xmlns:og='http://ogp.me/ns#' The Mid-Week Message: May 2014

Wednesday, May 28, 2014

The Dedication of the New Kitchen and Dining Hall

May 28, 2014

Dear St. Paul’s Family,

It has been two years and three months (822 days, to be exact!) since the fire that devastated our kitchen and dining hall.  At our lowest moments along the way, we may have thought for a fleeting moment that the day of returning to that space would never come.  But the promise given by God through the prophet Isaiah to the exiles has proven true for us along our own wilderness experience:

Don’t fear, for I have redeemed you;
    I have called you by name; you are mine.
When you pass through the waters, I will be with you;
    when through the rivers, they won’t sweep over you.
When you walk through the fire,you won’t be scorched
    and flame won’t burn you.  (Isaiah 43:1-2)

The first Sunday after the fire, in our first worship service in the community center, our resident guitarist and songwriter extraordinaire Charlie Leissler offered this original song, which beautifully captures the promise of Isaiah:

To another new beginning
Lead us forward from this day
And as one this congregation
Will gladly say

This is Your house
This is our home
This is our gift to You
We will rise up
We will move on
And Your strength will pull us through
Yes Your strength will pull us through

Yes, indeed, God’s strength has pulled us through, and we are finally ready to dedicate our brand new kitchen and Schuldt Dining Hall this Sunday.  After worship, we will gather for a luncheon, joined by three congregations whose support has been essential in allowing us to continue ministry these last two years:  Memorial Presbyterian, Bethlehem Lutheran, and Crossroads Community.  They took up special offerings in the wake of the fire, and allowed us to use their facilities for over forty funeral luncheons and a number of weddings.  In addition, we have invited members of the Cherokee Fire Department to join us, to thank them for their stellar care on the day of the fire.

But Sunday will be more than just a debut of a new kitchen and dining hall.  It will be an opportunity for us to rededicate ourselves, and this campus, for the purposes of putting God’s love into action for generations to come.  Along the course of this reconstruction, we have remembered that our purpose as a church is not to build monuments, but to create movements, and these facilities are merely the tools through which we can accomplish the mission of this church to transform lives, improve the community, and change the world.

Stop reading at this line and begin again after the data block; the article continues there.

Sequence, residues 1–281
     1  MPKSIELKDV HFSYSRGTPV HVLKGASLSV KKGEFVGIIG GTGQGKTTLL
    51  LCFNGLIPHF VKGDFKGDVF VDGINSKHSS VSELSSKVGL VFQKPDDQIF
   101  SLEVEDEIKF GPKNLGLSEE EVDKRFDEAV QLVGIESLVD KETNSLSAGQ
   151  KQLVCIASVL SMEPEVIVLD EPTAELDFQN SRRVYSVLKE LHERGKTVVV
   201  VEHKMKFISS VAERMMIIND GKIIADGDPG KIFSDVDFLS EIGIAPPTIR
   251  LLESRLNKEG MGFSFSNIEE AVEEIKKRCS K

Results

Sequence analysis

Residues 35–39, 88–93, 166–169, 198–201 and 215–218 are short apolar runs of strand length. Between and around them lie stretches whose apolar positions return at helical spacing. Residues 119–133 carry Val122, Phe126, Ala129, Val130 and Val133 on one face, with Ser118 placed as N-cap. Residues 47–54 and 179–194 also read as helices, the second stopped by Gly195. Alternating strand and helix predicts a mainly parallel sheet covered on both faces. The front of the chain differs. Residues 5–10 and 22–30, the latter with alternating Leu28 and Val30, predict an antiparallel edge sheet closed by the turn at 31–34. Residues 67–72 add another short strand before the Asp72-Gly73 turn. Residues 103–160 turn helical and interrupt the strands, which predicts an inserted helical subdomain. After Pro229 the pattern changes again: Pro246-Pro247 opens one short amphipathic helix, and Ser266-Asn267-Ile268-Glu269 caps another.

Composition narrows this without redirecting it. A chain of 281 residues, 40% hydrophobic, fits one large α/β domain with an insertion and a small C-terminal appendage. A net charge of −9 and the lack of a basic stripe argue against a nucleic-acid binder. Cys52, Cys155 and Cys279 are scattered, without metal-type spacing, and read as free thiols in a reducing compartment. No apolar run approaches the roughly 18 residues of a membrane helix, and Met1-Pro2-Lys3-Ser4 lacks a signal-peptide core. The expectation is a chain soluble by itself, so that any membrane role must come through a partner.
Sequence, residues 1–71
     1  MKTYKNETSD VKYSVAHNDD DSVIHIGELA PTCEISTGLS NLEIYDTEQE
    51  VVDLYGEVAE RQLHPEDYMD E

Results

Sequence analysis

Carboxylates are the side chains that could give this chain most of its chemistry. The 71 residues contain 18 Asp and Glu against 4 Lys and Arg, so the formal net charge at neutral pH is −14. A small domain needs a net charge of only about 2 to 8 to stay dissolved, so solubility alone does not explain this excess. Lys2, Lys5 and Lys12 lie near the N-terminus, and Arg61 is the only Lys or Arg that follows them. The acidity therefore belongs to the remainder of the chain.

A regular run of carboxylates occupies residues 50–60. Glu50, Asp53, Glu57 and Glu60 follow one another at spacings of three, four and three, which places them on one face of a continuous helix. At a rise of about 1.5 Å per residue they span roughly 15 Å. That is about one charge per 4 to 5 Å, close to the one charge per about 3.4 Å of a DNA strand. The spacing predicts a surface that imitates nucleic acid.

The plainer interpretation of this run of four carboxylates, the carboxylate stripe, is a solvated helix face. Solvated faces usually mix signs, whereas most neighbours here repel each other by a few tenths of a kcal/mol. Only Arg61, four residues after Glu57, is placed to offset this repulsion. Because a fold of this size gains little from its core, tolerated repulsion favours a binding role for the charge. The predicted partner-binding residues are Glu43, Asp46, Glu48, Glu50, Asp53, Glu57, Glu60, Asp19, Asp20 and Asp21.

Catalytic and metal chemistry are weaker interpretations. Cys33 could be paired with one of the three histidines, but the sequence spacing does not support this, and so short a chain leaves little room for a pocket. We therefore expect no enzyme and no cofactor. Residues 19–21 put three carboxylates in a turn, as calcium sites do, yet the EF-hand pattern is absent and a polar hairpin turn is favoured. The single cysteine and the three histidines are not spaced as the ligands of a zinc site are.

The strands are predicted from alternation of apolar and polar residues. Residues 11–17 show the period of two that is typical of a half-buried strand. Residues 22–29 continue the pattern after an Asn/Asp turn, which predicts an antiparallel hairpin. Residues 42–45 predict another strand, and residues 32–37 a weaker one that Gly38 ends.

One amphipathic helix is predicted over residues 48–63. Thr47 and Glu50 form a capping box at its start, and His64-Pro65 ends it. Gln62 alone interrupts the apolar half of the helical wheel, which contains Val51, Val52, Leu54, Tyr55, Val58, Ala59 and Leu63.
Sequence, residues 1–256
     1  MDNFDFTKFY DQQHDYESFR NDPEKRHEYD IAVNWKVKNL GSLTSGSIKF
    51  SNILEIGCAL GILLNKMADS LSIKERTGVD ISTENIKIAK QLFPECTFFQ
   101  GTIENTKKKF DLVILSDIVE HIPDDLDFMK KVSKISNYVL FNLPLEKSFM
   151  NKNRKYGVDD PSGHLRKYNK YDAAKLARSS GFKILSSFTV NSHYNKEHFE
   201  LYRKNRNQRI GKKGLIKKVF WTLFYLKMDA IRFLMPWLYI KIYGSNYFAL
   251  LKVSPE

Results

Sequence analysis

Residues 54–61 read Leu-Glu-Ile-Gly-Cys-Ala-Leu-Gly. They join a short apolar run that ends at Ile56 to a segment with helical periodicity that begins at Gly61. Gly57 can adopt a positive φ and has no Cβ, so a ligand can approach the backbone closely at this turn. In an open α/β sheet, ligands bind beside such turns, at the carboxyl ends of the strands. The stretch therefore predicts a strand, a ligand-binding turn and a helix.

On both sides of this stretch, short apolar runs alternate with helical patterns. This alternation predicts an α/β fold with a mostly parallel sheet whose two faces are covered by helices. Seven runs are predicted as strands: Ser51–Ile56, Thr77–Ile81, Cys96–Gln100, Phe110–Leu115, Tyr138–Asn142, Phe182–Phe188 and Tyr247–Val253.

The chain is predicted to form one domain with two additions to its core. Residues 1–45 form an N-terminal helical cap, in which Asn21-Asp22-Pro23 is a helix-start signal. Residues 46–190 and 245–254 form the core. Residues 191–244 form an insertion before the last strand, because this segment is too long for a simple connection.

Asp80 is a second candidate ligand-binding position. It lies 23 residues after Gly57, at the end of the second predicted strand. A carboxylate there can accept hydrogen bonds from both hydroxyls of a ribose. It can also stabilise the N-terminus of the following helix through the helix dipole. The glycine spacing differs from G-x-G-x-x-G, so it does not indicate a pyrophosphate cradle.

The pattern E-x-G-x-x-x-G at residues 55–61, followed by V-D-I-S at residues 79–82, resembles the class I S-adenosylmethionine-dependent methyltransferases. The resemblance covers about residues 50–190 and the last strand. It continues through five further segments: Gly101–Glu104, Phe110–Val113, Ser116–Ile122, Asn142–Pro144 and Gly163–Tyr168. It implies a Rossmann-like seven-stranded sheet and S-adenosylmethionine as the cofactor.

And what tools these new spaces will be for years to come!  In addition to replacing lost and damaged parts of the campus, we have made many dramatic improvements:

·      The kitchen and dining hall are now air conditioned, with a new, energy efficient system.  This will greatly enhance the usability of the space throughout the summer and early fall. 
·      We now have a state-of-the art audio/visual system, with the capacity to send a live video feed from the sanctuary down to the dining hall, for use in overflow situations.  The system also enables laptop and DVD projection, and wireless microphone usage.
·      The space is now completely handicap accessible through a renovated northeast entrance, that is at the same level as the loading area. 
·      The electrical service has been upgraded to a three-phase system, that will ease future expansion to the education wing of the campus. 
·      All of the appliances are now energy efficient, including a brand new dishwasher that runs a load of dishes in less than one minutes per cycle.
·      Our residential stoves and ovens have been replaced with a ten-burner, continuous surface stove, two commercial ovens, and a high-capacity convection oven. 
·      We have a new beverage and dessert service center, featuring two Bunn commercial coffee makers with on-demand, filtered, hot water that starts brewing coffee at the touch of a button.
·      We have increased the storage and seating capacity of the space, and with the new flexibility of the nearby Feller Lounge, we can seat more than 250 people at one time.  Both round and rectangular tables now allow us to change the configuration of the seating to meet the needs of each event.